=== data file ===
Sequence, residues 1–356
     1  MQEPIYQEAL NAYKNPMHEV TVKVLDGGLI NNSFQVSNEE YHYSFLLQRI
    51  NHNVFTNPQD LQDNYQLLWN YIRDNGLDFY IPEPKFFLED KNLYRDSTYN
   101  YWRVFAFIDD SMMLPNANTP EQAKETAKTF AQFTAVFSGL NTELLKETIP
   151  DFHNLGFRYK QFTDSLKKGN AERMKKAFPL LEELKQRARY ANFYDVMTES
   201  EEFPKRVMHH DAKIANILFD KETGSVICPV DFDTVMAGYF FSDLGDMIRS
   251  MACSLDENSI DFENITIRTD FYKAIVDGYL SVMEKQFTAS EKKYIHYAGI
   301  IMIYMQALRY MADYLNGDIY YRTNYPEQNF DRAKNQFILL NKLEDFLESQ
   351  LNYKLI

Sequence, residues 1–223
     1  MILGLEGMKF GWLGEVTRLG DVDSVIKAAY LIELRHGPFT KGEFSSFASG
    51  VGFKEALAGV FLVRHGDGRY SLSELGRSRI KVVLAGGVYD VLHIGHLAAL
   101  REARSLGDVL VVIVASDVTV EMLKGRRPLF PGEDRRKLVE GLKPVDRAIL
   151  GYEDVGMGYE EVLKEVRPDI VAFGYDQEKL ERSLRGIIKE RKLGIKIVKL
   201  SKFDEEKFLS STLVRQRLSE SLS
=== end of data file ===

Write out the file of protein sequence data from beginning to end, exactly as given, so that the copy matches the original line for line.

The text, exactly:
Sequence, residues 1–356
     1  MQEPIYQEAL NAYKNPMHEV TVKVLDGGLI NNSFQVSNEE YHYSFLLQRI
    51  NHNVFTNPQD LQDNYQLLWN YIRDNGLDFY IPEPKFFLED KNLYRDSTYN
   101  YWRVFAFIDD SMMLPNANTP EQAKETAKTF AQFTAVFSGL NTELLKETIP
   151  DFHNLGFRYK QFTDSLKKGN AERMKKAFPL LEELKQRARY ANFYDVMTES
   201  EEFPKRVMHH DAKIANILFD KETGSVICPV DFDTVMAGYF FSDLGDMIRS
   251  MACSLDENSI DFENITIRTD FYKAIVDGYL SVMEKQFTAS EKKYIHYAGI
   301  IMIYMQALRY MADYLNGDIY YRTNYPEQNF DRAKNQFILL NKLEDFLESQ
   351  LNYKLI

Sequence, residues 1–223
     1  MILGLEGMKF GWLGEVTRLG DVDSVIKAAY LIELRHGPFT KGEFSSFASG
    51  VGFKEALAGV FLVRHGDGRY SLSELGRSRI KVVLAGGVYD VLHIGHLAAL
   101  REARSLGDVL VVIVASDVTV EMLKGRRPLF PGEDRRKLVE GLKPVDRAIL
   151  GYEDVGMGYE EVLKEVRPDI VAFGYDQEKL ERSLRGIIKE RKLGIKIVKL
   201  SKFDEEKFLS STLVRQRLSE SLS